Kansas Supreme Court

An appeal filed by a Kansas man on death row has caught the attention of the U.S. Supreme Court and could change how Kansas and other states prosecute people who commit crimes while mentally ill.

Nobody disputes that James Kahler murdered four family members in 2009. But Kahler’s attorneys argued at trial and in subsequent appeals that he had spiraled into a mental health crisis in the months preceding the murders and was psychotic during the attack. The murders took place in Burlingame, about 30 miles south of Topeka.

Let’s say you’re arrested. You’re booked into your local jail and the district attorney decides to press charges.

The next day, you make your first court appearance in front of a judge, who then has to make a decision. Let you go home before trial — or keep you in jail?  And under what conditions?

T_martin 33, flickr Creative Commons

A ruling by the Kansas Supreme Court could make it easier for police officers to search a home based on what they believe they smell.

In the recent ruling, four of the seven justices said that an officer’s belief she smelled unlit marijuana was probable cause to sweep an apartment in Douglas County and then ask for a search warrant.

A committee of Kansas judges and attorneys says cities need to reduce the costs of appearing in municipal court.

The Kansas Supreme Court appointed the ad hoc committee last September to assess whether the state’s municipal courts impose an unreasonable financial burden on low-income people. 

A report released Wednesday lists more than a dozen suggestions to reduce or simplify fees, bail and monetary fines that come with being arrested and charged with a crime.

KDOC

The Kansas Supreme Court vacated the sentence of a Wichita man who ran over a woman in a Dillons parking lot in 2015 and ordered that he be resentenced in Sedgwick County District Court.

The ruling Friday involves the sentence given to Christopher J. Schrader in January 2016. Schrader pleaded no contest to involuntary manslaughter while driving under the influence and conspiracy to distribute a controlled substance. He was sentenced to 69 months in prison.

Stephan Bisaha / KMUW

The Wichita School Board on Thursday applauded an update regarding the Kansas Supreme Court's recent ruling on school funding.

"The possibility of a shutdown no longer exists," Susan Willis, the district's chief financial officer, told board members. "So school will commence on time."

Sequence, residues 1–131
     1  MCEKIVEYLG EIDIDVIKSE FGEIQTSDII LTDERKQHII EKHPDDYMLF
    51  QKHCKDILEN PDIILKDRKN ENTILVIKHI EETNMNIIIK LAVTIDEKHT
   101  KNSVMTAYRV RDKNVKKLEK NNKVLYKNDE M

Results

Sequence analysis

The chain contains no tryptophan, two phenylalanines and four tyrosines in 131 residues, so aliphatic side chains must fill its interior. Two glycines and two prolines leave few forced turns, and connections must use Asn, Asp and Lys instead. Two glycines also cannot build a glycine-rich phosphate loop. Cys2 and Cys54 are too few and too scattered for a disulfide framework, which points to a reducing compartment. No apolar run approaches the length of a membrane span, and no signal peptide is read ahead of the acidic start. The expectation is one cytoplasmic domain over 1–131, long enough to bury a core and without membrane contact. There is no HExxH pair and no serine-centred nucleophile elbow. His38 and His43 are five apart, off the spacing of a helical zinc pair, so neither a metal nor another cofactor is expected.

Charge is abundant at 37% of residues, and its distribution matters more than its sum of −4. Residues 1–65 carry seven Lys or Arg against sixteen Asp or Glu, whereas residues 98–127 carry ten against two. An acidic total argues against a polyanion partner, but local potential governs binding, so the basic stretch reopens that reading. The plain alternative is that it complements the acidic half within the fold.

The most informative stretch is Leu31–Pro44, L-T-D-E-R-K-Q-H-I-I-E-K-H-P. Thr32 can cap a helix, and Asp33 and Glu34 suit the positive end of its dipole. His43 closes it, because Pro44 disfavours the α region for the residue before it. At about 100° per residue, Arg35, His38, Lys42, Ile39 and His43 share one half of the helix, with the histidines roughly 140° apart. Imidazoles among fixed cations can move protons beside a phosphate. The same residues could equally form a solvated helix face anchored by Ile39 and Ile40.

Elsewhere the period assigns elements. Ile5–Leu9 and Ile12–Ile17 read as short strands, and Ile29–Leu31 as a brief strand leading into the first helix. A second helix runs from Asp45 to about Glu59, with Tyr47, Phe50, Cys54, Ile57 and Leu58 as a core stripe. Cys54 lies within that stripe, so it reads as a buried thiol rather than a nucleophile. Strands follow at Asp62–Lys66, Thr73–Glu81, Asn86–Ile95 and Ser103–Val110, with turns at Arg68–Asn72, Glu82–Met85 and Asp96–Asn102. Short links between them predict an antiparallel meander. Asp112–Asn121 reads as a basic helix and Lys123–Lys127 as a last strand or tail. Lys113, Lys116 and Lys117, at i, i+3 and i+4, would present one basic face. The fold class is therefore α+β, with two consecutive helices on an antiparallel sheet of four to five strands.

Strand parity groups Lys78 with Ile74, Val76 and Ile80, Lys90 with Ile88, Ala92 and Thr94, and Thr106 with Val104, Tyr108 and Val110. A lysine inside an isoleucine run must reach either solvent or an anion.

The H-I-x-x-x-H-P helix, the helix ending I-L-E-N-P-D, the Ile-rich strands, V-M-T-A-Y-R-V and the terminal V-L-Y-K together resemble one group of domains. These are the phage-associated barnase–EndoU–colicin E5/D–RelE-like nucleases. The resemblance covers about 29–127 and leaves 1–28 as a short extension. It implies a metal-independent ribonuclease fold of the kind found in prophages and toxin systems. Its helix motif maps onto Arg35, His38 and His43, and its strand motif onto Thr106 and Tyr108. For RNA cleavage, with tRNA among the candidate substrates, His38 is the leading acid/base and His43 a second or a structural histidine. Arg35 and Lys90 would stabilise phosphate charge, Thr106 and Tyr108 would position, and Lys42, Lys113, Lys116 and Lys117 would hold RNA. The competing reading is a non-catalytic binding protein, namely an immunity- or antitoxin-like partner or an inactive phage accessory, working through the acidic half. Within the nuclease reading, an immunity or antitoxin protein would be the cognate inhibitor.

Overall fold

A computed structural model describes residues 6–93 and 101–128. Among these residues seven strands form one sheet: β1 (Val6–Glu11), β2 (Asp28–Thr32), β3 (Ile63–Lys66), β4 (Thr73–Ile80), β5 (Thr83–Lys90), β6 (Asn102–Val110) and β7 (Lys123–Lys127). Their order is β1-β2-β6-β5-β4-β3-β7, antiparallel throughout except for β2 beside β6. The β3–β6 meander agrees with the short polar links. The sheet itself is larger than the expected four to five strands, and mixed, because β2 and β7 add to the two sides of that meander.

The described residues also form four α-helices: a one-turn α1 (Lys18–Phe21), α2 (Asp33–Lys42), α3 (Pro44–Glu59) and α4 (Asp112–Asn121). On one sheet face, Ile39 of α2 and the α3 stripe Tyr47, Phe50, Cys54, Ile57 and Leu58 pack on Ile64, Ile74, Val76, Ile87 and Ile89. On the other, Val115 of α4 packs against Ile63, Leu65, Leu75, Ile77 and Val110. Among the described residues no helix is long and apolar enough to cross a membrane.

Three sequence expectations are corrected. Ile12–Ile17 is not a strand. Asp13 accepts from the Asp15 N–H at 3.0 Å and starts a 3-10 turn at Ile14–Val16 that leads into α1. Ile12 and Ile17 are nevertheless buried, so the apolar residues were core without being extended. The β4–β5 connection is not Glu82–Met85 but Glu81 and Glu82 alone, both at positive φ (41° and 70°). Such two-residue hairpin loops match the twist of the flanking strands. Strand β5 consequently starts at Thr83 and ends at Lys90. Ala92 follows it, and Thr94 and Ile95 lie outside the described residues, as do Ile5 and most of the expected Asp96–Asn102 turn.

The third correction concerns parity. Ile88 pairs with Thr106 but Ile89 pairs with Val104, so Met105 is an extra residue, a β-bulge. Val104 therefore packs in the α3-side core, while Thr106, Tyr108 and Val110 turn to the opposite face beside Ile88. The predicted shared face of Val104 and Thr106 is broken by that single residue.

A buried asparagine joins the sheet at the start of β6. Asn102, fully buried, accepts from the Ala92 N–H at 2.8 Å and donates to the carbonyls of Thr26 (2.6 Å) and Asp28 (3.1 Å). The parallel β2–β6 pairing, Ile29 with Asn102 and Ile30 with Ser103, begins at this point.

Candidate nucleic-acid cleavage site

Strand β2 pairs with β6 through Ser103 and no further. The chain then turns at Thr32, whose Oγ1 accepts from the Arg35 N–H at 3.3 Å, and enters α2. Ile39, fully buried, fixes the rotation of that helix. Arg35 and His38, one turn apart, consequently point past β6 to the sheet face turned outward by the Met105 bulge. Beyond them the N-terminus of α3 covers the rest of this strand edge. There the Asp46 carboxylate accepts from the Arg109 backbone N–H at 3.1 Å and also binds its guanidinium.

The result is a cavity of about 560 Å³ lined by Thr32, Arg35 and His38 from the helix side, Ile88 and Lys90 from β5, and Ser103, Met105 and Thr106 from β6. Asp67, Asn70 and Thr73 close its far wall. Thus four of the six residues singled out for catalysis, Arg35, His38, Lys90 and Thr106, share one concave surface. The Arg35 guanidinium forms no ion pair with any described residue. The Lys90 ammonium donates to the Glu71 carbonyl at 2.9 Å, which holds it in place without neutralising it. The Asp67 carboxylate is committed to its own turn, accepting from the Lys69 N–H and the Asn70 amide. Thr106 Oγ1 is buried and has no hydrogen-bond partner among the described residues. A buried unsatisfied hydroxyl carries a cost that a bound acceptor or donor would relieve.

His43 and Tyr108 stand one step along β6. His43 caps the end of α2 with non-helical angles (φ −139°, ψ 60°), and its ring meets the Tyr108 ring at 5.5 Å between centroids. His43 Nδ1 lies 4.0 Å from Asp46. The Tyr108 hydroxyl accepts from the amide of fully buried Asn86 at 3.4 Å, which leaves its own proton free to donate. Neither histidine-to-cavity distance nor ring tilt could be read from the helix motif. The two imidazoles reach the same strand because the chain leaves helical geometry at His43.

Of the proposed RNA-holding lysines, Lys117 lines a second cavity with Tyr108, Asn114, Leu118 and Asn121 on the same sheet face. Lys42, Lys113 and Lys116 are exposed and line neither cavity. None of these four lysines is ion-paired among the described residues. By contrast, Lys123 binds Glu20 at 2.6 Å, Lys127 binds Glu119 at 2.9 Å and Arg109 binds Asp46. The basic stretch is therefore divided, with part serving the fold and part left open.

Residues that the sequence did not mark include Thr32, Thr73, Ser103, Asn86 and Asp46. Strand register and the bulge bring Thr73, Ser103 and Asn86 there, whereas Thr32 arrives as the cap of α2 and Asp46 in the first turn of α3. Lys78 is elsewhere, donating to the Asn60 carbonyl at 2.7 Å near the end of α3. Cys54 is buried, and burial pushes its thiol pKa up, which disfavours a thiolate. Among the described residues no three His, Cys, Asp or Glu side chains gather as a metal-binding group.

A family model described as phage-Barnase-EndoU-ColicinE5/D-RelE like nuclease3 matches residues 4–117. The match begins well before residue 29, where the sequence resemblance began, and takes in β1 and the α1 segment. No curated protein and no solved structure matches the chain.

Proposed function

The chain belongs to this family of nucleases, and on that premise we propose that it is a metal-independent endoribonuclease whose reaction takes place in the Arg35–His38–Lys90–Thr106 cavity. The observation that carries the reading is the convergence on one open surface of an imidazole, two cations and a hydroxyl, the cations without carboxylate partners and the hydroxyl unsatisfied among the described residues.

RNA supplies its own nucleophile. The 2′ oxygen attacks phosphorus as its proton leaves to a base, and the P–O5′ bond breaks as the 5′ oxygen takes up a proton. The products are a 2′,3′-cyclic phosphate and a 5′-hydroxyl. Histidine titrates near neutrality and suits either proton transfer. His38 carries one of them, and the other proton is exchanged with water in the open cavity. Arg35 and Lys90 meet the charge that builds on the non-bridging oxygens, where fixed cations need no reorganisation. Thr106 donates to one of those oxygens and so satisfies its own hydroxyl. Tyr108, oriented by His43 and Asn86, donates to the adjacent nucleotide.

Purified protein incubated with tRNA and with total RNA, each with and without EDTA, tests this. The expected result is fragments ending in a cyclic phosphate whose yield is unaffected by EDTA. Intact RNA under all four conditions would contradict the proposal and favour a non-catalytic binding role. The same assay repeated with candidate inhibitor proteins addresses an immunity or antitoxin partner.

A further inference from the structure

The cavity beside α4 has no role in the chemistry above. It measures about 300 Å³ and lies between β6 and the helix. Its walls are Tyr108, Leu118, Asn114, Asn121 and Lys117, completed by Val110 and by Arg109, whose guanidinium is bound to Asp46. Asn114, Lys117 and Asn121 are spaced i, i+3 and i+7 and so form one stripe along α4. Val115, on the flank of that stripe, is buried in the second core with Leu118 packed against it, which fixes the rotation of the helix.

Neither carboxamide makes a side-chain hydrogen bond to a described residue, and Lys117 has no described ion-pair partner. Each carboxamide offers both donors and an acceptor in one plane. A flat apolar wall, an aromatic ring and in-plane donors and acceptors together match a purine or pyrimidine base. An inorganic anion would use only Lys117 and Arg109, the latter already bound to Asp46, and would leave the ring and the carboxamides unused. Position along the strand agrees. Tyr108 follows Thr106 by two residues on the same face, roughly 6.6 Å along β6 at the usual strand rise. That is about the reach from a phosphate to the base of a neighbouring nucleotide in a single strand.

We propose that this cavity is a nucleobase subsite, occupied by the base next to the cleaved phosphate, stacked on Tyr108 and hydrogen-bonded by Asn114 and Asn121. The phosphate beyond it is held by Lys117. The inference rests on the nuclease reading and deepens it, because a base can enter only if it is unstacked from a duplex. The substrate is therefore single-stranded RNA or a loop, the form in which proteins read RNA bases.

The court said a school finance plan passed earlier this year still isn't adequate, but gave the Kansas Legislature another year to account for inflation in its school funding formula.

photo illustration / Kansas News Service

On Monday, the Kansas Supreme Court issued a ruling that effectively said the state’s public schools could open in the fall. Yet the same decision left local district officials on Tuesday and beyond with continued, long-term uncertainty.

The high court’s decision could lead to continued fighting over school funding and the topic will likely serve as political fodder in state elections.

(This story has been updated.)

Kansas continues to underfund its schools, the Kansas Supreme Court ruled Monday — a decision that could cost the state hundreds of millions of dollars more over the next four years.

But because the Legislature agreed to significant hikes in funding this spring, the justices gave it another year to add to the amount it sends to local school districts.

The high court could have forced lawmakers back to Topeka in coming weeks to fix the problem or face school closures, something the state’s lawyers begged it not to do.

Kansas teachers have lost their second attempt to get tenure back for thousands of educators through the courts — but say they will continue their battle at the Legislature.

“So this is a disappointment,” teachers union spokesman Marcus Baltzell said of the decision handed down by the Kansas Supreme Court Friday. “But it's just one step."

Friday’s decision from the state’s highest court was unanimous.

Courtesy KDOC

The Kansas Supreme Court has upheld the murder conviction of Justin Thurber. Yet the justices delayed a decision on his death sentence and said a lower court must reconsider whether he has a developmental disability.

A jury sentenced Thurber to death for the 2007 killing of 19-year-old Jodi Sanderholm, a college student in Cowley County.

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